Evaluation of Xerostomia and Salivary
Flow Rate in HIV Patients

Revi Nelonda, Irna Sufiawati, Tenny Setiani Dewi

Department of Oral Medicine, Universitas Padjadjaran, Bandung, West Java, Indonesia


Objectives: To determine the relationship between xerostomia and low salivary flow rates in HIV/AIDS patients who had received ARV therapy and had a low CD4 cell count.


Methods: The type of research was cross-sectional. The research subjects were HIV/AIDS patients. Xerostomia was measured using the Fox et.al questionnaire which has been tested for validity and reliability. Salivary flow rate was measured using the spitting method. The relationship between xerostomia and salivary flow rate with the use of ARV was analyzed by Chi-Square test and the relationship with CD4 was analyzed by Fisher Exact and Mann Whitney test.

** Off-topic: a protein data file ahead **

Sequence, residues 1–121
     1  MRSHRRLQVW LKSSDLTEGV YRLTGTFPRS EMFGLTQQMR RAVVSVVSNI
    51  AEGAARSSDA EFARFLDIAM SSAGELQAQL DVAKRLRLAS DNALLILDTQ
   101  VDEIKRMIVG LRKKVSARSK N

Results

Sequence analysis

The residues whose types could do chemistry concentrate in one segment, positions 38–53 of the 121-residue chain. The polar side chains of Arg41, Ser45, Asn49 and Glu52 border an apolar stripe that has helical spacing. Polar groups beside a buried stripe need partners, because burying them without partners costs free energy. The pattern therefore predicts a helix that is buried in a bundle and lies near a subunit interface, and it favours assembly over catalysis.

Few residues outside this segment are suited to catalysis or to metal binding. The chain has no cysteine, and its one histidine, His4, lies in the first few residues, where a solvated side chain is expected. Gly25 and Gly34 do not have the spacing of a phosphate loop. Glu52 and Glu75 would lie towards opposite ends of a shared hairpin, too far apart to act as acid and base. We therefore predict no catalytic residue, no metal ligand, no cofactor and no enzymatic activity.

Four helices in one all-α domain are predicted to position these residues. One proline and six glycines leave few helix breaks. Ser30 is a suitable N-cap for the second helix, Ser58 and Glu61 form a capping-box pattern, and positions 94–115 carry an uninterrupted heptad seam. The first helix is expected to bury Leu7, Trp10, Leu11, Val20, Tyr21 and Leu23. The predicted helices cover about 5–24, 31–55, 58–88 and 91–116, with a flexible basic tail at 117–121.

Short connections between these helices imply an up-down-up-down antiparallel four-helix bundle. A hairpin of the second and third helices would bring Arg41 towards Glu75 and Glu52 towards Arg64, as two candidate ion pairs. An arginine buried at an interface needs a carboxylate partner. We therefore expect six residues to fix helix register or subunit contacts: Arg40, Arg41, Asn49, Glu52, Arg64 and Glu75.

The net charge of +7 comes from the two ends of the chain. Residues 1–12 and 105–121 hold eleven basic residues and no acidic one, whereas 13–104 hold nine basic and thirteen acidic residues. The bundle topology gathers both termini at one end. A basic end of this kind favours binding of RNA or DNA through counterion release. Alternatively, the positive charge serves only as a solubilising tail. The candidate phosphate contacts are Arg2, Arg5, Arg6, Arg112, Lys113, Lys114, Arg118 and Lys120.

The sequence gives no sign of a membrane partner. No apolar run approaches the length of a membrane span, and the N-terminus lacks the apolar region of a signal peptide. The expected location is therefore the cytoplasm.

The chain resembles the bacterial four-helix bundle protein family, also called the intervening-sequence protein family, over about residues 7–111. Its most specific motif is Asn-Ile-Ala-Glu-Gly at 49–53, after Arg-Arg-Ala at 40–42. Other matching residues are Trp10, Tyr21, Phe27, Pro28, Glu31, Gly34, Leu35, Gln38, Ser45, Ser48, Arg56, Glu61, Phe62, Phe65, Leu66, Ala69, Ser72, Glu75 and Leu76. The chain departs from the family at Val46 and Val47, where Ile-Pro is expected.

Results: The subject of the study involved 34 HIV/AIDS patients, consisting of 73.5% men and 26.5% women, with 50% treated with ARV. As many as 52.6% of subjects experiencing xerostomia had a median CD4 of 309 cells/ mm3 and as many as 53.3% of subjects had a salivary flow rate of 0.1-0.2 ml/minute a median CD4 of 261 cells/mm3 had taken ARV. The ARV used was a combination of Azidothymine such as nevirapine, tenofovir, efavirenz, lamivudine, and stavudine. Statistically, results showed that xerostomia and hyposalivation were not significantly associated with the use of ART and CD4 in HIV/AIDS patients (p> 0.05).


Conclusions: Xerostomia and hyposalivation were not significantly associated with ARV and CD4 counts in HIV/AIDS patients. Further study with larger sample sizes are needed, looking at other factors that can cause xerostomia in HIV patients.